House GOP leader says deficit deal likely
Washington ? Sidestepping controversy, House Majority Leader Eric Cantor, R-Va., declined to take sides Monday on a proposal for higher tax revenues backed by fellow Republicans on Congress’ supercommittee yet expressed confidence the panel would agree on a deficit-reduction plan of at least $1.2 trillion by a Nov. 23 deadline.
A proposal for $300 billion in higher taxes has stirred grumbling within the ranks of congressional Republicans, for whom opposition to such measures has been political bedrock for more than two decades.
One prominent conservative, Rep. Jim Jordan of Ohio, said in a published commentary during the day that “our economy will have an even tougher time catching its balance if Washington” raises taxes. Separately, former House Speaker Newt Gingrich, a contender for the GOP presidential nomination, said while campaigning in Iowa, “If this supercommittee comes out with a tax increase, I will do everything in my power to defeat its proposal.”
Additionally, officials said that Sen. Pat Toomey, R-Pa., who outlined the plan last week in a closed-door meeting of four Republicans and three Democrats, has encountered criticism from fellow conservatives despite strong credentials as an opponent of higher taxes. “There’s been a little bit, but it’s been pretty muted,” his spokeswoman, Nachama Soloveichik, said of the response.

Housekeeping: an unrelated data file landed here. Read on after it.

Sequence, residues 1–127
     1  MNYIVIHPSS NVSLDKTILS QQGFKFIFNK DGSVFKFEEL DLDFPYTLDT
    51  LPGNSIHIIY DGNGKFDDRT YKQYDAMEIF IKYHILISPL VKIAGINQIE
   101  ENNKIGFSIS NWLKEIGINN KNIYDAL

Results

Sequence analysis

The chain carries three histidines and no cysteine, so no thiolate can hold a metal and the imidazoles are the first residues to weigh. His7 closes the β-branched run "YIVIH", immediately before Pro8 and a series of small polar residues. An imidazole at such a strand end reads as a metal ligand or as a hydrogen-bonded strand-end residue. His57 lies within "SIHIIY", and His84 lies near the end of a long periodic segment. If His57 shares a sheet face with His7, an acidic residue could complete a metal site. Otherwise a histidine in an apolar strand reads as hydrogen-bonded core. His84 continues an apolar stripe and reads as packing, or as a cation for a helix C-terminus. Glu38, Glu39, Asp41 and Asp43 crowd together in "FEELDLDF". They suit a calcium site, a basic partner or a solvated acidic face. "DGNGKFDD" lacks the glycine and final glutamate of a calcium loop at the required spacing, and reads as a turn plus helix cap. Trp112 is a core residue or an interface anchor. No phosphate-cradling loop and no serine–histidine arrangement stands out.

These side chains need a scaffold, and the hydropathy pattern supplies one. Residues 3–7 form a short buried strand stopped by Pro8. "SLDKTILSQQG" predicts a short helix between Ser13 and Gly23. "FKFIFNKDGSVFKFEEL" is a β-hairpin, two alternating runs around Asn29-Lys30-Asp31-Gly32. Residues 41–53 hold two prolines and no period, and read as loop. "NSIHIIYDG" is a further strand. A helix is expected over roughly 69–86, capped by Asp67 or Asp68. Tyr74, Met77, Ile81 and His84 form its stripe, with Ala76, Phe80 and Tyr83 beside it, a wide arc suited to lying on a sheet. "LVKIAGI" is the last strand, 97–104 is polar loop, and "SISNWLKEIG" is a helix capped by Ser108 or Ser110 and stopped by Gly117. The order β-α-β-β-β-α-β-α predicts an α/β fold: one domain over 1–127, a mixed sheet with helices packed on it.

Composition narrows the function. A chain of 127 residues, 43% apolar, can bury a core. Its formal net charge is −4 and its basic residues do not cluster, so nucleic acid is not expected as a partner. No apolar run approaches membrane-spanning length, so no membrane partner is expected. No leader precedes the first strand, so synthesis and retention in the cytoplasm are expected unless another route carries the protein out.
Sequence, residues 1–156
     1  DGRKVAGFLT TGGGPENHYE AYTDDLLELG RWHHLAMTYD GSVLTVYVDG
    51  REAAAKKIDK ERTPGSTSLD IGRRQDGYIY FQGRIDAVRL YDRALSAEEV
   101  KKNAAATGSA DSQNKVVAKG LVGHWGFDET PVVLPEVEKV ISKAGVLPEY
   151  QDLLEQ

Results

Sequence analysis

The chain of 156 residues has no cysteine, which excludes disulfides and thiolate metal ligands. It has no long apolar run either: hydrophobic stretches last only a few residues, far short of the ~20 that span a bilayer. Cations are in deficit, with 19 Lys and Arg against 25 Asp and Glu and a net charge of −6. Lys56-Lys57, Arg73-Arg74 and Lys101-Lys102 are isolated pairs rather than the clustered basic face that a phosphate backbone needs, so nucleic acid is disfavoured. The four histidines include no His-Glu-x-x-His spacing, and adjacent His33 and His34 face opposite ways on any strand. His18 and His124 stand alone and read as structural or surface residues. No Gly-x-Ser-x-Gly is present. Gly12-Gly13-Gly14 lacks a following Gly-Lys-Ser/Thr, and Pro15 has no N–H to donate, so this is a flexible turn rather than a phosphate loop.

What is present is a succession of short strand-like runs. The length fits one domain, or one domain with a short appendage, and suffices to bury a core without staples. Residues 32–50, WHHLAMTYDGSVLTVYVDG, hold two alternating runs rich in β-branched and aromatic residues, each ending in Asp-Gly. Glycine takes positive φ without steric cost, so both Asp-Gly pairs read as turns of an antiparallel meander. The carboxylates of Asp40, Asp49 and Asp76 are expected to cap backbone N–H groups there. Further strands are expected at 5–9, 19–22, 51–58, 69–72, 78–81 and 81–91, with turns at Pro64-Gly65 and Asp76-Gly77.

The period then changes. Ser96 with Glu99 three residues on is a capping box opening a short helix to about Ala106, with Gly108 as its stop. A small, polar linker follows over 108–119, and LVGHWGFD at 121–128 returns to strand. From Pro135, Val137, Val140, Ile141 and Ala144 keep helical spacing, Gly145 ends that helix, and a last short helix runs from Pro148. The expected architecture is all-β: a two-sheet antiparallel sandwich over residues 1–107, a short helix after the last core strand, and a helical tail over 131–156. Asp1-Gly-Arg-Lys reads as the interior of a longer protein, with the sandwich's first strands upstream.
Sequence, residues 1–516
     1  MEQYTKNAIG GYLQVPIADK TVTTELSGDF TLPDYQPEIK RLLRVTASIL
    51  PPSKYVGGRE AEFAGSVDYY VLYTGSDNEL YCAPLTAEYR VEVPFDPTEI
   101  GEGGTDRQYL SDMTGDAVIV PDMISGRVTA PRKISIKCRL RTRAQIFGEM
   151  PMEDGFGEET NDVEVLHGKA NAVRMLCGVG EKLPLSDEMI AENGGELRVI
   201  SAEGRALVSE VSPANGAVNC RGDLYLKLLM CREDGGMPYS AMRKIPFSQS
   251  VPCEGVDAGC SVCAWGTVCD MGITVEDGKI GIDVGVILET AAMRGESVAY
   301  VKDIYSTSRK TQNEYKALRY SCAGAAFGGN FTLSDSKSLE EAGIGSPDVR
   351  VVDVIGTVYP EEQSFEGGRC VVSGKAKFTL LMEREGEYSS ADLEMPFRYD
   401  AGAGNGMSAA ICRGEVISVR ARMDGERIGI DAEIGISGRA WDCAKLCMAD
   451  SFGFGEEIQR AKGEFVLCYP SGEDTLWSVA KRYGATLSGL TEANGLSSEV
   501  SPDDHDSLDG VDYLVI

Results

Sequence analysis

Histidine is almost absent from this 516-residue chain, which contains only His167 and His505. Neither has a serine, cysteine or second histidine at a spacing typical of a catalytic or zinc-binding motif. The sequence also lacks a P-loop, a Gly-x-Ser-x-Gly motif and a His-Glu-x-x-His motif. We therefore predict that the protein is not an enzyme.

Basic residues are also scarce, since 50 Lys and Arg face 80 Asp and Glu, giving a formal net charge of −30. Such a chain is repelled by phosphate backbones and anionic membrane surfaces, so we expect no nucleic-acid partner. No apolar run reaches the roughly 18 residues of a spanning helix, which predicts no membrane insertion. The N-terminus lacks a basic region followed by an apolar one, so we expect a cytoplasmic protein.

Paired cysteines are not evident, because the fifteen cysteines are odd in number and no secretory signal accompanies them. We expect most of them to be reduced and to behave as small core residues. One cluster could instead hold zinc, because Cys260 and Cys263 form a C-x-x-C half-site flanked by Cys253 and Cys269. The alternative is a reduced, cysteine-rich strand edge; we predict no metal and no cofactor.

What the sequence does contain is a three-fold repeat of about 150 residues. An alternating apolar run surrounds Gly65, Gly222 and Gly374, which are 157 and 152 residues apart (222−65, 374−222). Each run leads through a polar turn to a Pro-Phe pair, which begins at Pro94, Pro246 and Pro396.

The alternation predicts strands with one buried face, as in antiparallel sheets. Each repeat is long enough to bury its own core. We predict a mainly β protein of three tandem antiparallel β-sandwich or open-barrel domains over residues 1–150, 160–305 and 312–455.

Cantor’s spokeswoman turned aside several emailed requests for the majority leader’s views on the proposal. She said he hadn’t seen the plan, and she referred to his comments at a news conference earlier in the day when he told reporters, “I’m not going to be opining as to any reports, hypotheticals or anything connected with their work.”
Despite that pledge, Cantor was bullish in predicting agreement before the deadline and adding that a fallback requirement to cut $1.2 trillion from domestic and defense programs wouldn’t be triggered.